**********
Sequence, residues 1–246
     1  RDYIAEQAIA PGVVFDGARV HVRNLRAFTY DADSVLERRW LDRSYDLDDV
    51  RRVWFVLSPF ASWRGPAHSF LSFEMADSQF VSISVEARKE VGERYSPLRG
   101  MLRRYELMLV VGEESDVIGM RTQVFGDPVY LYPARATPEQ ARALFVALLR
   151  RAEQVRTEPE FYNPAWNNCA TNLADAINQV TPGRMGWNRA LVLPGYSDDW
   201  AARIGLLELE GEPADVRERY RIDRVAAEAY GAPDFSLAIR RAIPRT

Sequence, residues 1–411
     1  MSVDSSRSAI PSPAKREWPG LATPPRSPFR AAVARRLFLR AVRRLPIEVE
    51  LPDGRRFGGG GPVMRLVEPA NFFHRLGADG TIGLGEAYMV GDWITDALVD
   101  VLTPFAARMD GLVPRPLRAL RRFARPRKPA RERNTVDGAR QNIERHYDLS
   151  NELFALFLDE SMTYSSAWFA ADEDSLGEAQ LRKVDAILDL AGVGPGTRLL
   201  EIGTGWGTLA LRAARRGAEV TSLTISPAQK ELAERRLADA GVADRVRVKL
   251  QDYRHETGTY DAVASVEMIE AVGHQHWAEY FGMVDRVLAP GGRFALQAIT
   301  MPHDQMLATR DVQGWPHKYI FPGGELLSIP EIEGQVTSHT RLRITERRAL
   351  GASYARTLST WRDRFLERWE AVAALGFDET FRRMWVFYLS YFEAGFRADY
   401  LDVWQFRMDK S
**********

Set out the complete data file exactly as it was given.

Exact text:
Sequence, residues 1–246
     1  RDYIAEQAIA PGVVFDGARV HVRNLRAFTY DADSVLERRW LDRSYDLDDV
    51  RRVWFVLSPF ASWRGPAHSF LSFEMADSQF VSISVEARKE VGERYSPLRG
   101  MLRRYELMLV VGEESDVIGM RTQVFGDPVY LYPARATPEQ ARALFVALLR
   151  RAEQVRTEPE FYNPAWNNCA TNLADAINQV TPGRMGWNRA LVLPGYSDDW
   201  AARIGLLELE GEPADVRERY RIDRVAAEAY GAPDFSLAIR RAIPRT

Sequence, residues 1–411
     1  MSVDSSRSAI PSPAKREWPG LATPPRSPFR AAVARRLFLR AVRRLPIEVE
    51  LPDGRRFGGG GPVMRLVEPA NFFHRLGADG TIGLGEAYMV GDWITDALVD
   101  VLTPFAARMD GLVPRPLRAL RRFARPRKPA RERNTVDGAR QNIERHYDLS
   151  NELFALFLDE SMTYSSAWFA ADEDSLGEAQ LRKVDAILDL AGVGPGTRLL
   201  EIGTGWGTLA LRAARRGAEV TSLTISPAQK ELAERRLADA GVADRVRVKL
   251  QDYRHETGTY DAVASVEMIE AVGHQHWAEY FGMVDRVLAP GGRFALQAIT
   301  MPHDQMLATR DVQGWPHKYI FPGGELLSIP EIEGQVTSHT RLRITERRAL
   351  GASYARTLST WRDRFLERWE AVAALGFDET FRRMWVFYLS YFEAGFRADY
   401  LDVWQFRMDK S